I work for the government, and I know we loose money buying things because we have procedures to go through for accounting later. When you get the government involved, costs go up. That being said, Michael is right about the symptom vs. the disease. ISP's would prefer to upgrade the infrastructure of large cities than getting internet out to rural areas because the return investment is greater. This leads to massive differentials in computer knowledge between urban vs. rural Americans, keeping the poor people down. There are government subsidies to get broadband out to these areas, but it's a slow process (because it's government).
What confuses me is the term "Net Neutrality." I though that meant "Anonymous on the internet" - Like what I post on the internet via an email-based login can't be traced back to me. Now I am learning it means something else, not quite so bad. I thought Obama's definition of "Net Neutrality" wanted to make us all accountable to eliminate internet fraud. Now it's being used in regards to this Google-Verizon thing in a completely different context.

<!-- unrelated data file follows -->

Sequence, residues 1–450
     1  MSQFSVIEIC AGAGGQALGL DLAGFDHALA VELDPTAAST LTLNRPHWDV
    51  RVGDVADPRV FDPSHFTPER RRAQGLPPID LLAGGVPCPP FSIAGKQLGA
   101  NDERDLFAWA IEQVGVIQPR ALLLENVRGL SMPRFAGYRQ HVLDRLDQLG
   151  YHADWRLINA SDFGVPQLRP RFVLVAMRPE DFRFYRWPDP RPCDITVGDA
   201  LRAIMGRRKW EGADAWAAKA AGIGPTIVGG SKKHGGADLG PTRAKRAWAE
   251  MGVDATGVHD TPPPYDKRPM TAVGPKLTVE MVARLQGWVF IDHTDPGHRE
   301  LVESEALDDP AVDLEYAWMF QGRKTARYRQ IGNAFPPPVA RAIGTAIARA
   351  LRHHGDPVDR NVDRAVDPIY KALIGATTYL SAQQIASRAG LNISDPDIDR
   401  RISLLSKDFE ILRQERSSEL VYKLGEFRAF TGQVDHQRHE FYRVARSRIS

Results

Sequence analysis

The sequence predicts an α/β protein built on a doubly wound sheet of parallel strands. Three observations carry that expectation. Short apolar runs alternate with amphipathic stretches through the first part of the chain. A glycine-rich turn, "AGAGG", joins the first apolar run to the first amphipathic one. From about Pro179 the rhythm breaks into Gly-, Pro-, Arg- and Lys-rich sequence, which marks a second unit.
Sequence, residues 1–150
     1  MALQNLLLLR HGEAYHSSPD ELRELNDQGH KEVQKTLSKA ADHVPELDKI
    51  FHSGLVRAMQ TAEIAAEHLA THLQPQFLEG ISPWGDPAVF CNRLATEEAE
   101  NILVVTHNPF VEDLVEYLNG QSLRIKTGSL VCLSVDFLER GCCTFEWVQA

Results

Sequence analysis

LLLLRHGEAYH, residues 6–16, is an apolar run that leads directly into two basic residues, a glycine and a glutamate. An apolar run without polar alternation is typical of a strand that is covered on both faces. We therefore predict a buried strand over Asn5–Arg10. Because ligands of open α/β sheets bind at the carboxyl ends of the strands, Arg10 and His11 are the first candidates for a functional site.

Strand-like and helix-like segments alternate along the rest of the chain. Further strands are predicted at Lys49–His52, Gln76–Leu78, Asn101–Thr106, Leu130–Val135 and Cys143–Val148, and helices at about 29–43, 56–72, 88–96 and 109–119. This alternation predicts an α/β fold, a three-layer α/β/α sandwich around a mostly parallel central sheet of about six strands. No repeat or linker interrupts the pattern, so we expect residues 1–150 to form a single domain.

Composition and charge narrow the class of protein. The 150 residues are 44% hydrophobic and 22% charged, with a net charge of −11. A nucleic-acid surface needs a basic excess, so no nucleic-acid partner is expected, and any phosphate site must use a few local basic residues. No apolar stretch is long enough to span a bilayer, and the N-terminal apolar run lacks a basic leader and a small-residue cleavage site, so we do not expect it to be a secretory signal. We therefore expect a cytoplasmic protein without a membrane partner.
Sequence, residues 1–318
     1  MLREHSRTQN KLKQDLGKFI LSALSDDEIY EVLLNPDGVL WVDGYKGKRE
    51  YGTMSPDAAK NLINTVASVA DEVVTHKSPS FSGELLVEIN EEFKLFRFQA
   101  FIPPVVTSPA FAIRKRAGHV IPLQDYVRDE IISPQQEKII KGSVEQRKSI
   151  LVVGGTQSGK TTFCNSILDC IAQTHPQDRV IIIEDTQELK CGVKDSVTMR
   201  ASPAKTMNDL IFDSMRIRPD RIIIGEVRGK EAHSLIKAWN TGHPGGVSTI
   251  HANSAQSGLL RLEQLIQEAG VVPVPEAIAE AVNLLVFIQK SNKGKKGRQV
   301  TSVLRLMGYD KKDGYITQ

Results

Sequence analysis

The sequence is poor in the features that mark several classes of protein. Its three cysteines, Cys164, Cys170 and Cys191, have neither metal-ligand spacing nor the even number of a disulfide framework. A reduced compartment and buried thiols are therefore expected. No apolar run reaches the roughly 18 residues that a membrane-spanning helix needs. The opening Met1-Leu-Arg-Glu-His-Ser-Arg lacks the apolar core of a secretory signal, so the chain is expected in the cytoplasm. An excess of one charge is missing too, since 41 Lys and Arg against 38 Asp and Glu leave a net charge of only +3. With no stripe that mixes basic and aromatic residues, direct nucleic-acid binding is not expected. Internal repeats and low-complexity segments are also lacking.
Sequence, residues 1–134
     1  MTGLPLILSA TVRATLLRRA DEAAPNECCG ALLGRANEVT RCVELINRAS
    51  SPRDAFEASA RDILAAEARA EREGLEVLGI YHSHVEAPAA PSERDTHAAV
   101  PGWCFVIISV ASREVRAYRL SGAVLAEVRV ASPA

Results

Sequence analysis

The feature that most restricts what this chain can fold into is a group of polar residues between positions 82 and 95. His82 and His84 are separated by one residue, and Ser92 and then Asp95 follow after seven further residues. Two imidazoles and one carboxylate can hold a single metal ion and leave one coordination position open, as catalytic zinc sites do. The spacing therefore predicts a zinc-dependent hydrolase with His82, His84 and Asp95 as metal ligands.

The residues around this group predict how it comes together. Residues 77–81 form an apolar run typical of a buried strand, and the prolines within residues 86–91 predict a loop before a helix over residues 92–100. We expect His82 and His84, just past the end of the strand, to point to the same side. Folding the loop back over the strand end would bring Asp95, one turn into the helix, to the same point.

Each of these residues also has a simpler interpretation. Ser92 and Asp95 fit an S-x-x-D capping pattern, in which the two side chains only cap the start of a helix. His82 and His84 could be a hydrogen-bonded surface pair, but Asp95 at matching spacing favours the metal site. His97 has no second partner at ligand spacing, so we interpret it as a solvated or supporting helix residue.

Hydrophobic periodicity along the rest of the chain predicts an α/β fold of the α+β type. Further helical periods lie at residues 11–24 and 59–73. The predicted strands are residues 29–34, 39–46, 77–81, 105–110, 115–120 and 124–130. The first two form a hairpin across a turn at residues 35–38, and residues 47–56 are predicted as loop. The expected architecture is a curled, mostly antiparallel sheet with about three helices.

I do packet shaping on my network to prioritize VoIP. What the problem with an ISP doing it?
By the way, what's wrong with Google (designer of Android OS) and Verizon (maker of cell phones) pairing up to make a cell phone. That's logical... It's like Microsoft and Amazon teaming up to make an audiobook player.